When Mostafa Kamal arrived in Kansas City in 1989, the local Bangladeshi community was not exactly booming in numbers.
“A small or mid-sized basement would fit us all,” says the Lawrence resident and current president of the Bangladesh Association of Greater Kansas City.
Though still relatively small — Kamal estimates the local Bangladeshi community to be 200 to 300 — it has also proved to be a vibrant group, as evidenced by Sunday’s celebration of the Bangla New Year.
Held at the Roeland Park Community Center, the group’s largest event of the year served as a festival honoring Bangladeshi culture and, perhaps more importantly, as a way to ensure that culture is passed along to younger generations.
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The run-of-the-mill community center was transformed into a hub of distinctive colors, sounds and smells. Men and women in colorful attire bustled back and forth. Tables were filled with traditional Bangladeshi village fare. Vendors set up shop to hawk food or salwar kameez, a kind of traditional clothing.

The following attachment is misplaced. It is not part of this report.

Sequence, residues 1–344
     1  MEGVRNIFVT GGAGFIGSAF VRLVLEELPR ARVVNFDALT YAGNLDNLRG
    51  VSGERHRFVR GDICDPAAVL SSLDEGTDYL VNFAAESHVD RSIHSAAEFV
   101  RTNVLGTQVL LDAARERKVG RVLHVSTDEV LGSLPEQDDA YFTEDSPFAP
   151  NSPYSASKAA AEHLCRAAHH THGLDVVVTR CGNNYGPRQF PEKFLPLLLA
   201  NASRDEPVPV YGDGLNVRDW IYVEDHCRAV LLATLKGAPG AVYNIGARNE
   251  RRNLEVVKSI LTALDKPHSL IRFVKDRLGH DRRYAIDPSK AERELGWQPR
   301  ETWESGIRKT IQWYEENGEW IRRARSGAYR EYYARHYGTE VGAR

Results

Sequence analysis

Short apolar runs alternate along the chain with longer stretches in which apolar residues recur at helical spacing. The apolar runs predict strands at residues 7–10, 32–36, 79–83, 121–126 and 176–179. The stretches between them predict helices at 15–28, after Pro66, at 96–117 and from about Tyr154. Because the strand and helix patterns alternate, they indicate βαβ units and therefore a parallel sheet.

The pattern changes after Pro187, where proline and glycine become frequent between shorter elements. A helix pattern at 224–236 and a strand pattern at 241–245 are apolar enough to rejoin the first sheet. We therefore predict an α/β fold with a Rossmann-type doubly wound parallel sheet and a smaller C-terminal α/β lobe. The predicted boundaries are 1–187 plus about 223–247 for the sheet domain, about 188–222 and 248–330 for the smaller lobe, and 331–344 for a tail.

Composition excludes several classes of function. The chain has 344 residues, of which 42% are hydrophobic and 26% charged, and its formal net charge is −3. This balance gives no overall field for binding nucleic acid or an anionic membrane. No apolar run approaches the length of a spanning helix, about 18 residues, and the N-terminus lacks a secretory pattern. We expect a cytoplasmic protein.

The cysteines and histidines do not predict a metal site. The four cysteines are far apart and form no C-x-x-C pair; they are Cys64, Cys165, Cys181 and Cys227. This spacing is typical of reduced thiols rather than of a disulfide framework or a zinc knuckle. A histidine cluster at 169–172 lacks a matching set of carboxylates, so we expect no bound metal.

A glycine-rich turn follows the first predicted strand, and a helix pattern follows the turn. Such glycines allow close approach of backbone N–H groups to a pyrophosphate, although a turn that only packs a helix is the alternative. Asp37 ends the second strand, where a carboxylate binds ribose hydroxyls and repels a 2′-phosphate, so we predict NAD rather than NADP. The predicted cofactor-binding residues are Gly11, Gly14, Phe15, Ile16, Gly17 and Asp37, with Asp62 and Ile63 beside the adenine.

There was a carnival put on by children, and the day’s itinerary also called for singing and dancing, as well as evening entertainment performed by local Bangladeshi community members.
The thinking goes that by being exposed to events like Sunday’s, younger generations will develop respect and appreciation for the culture and carry it on.
“The children, they didn’t know anything about the culture or the roots,” Kamal says. “But it’s amazing how well they learn the music, the poetry or the dances.”
Throughout the year, many in the local Bangladeshi community stay busy. There are doctors and professors, government workers and politicians. Many attempt to keep in touch throughout the year through email or Facebook or the Bangladesh association’s website.
But events like Sunday’s draw everyone to the same place, at the same time, in honor of the same thing.
And the hope, as Kamal puts it, is that “our next generation can relate to it and carry on the torch.”